The Dublin Shell to Sea interview was conducted with a member of Sinn Fein who also supports the campaign. The information presented here is thus likely to be flavoured with a Sinn Fein perspective.

9 The equivalent of a member of parliament. 10

Earth First! (e.g. http://earthfirst.org.uk/) is a network of eco-activists concerned with the dramatic environmental impacts associated with contemporary capitalism and committed to taking a proactive stance in contesting these impacts. Thus ‘[t]he

general principles behind Earth First! are non-hierarchical organisation and the use of direct action to confront, stop and eventually reverse the forces that are responsible for the destruction of the Earth and its inhabitants. EF! is not a cohesive group or campaign, but a convenient banner for people who share similar philosophies to work under’ (Earth First! 2006b).

11 Rhythms of Resistance is a London based activist samba band, and growing

network of samba bands, who participate in and organise protest and direct action to highlight environmental and social justice issues, as well as playing at varied local community events. See http://www.rhythmsofresistance.co.uk/ for further information.

12 http://www.wsm.ie/

14 E.g. see http://www.gcmonitor.org/article.php?list=type&type=11. 15 http://www.corporatewatch.org/?lid=1870.

16 According to their website, Advantica are a ‘global engineering consultancy, service

and solution provider, supporting clients in the gas, oil, water and electric industries … dedicated to enabling the owners and operators of energy and utility assets to plan and manage their network assets more successfully to achieve their business vision’ (see http://www.advantica.biz/). The report was controversial partly because contrary to constituting an ‘independent’ review of the proposed pipeline, it was written by a company whose remit is to support ‘a better return on assets’, for those involved with the development of oil, gas and water.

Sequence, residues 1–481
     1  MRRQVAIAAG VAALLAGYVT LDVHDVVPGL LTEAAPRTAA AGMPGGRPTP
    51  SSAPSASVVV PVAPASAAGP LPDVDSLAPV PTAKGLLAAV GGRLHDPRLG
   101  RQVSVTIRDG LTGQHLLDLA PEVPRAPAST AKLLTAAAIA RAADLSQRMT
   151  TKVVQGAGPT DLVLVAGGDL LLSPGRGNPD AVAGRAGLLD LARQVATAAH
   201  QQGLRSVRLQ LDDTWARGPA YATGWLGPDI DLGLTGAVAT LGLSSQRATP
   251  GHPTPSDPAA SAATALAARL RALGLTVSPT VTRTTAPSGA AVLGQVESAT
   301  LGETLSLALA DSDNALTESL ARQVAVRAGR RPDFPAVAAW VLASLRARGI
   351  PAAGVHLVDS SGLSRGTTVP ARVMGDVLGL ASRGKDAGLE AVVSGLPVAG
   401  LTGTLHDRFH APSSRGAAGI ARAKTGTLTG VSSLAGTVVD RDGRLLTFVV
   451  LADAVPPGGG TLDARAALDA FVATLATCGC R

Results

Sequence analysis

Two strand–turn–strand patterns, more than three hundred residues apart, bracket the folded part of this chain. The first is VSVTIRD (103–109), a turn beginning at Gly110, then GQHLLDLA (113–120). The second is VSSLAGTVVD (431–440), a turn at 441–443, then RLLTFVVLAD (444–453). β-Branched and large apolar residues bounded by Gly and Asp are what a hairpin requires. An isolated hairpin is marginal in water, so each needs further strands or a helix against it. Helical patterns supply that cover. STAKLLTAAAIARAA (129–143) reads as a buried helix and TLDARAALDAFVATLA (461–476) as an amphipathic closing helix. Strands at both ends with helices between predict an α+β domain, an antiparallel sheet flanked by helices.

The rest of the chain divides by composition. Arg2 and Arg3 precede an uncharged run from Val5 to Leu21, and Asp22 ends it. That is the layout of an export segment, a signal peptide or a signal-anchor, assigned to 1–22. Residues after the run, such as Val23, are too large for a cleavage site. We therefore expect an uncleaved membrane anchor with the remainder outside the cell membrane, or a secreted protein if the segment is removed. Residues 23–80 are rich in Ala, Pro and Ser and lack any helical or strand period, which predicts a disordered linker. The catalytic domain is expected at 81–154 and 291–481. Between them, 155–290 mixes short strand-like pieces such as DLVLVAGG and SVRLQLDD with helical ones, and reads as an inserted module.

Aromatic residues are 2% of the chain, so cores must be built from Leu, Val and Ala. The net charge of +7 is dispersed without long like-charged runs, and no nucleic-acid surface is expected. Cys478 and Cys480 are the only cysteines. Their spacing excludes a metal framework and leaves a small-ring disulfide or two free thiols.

17 Revolt Video Collective is a ‘video collective open to all!’, whose goals include the

‘physical and virtual distribution of Irish activist video.’ See http://revoltvideo.blogspot.com/

18 NIMBY = Not In My Back Yard.

19 A similar assumption has been made regarding the relationships between ‘bad’

protesters who might engage in tactics involving the smashing of symbols of

capitalism and defensive confrontation with police in protests, and ‘good’ protesters who are more likely to adhere to a tighter regime of ‘Non-Violent Direct Action’ or restrict participation only to state-sanctioned marches, i.e. that the tactics of the former are alienating and problematic for the interests of the latter. Such a division is most often noted by commentators rather than participators in protest events,

however, with the latter seemingly more open to the complementary possibilities of myriad tactics and approaches (as discussed in Mueller 2004).

20 As evidenced by video footage uploaded under ‘Shell to Sea’ on www.youtube.com. 21 For a full list of regional groups see


22 For further details of these protests and UK activity see


In document ‘Shell to Sea’ in Ireland: building social movement potency (Page 48-50)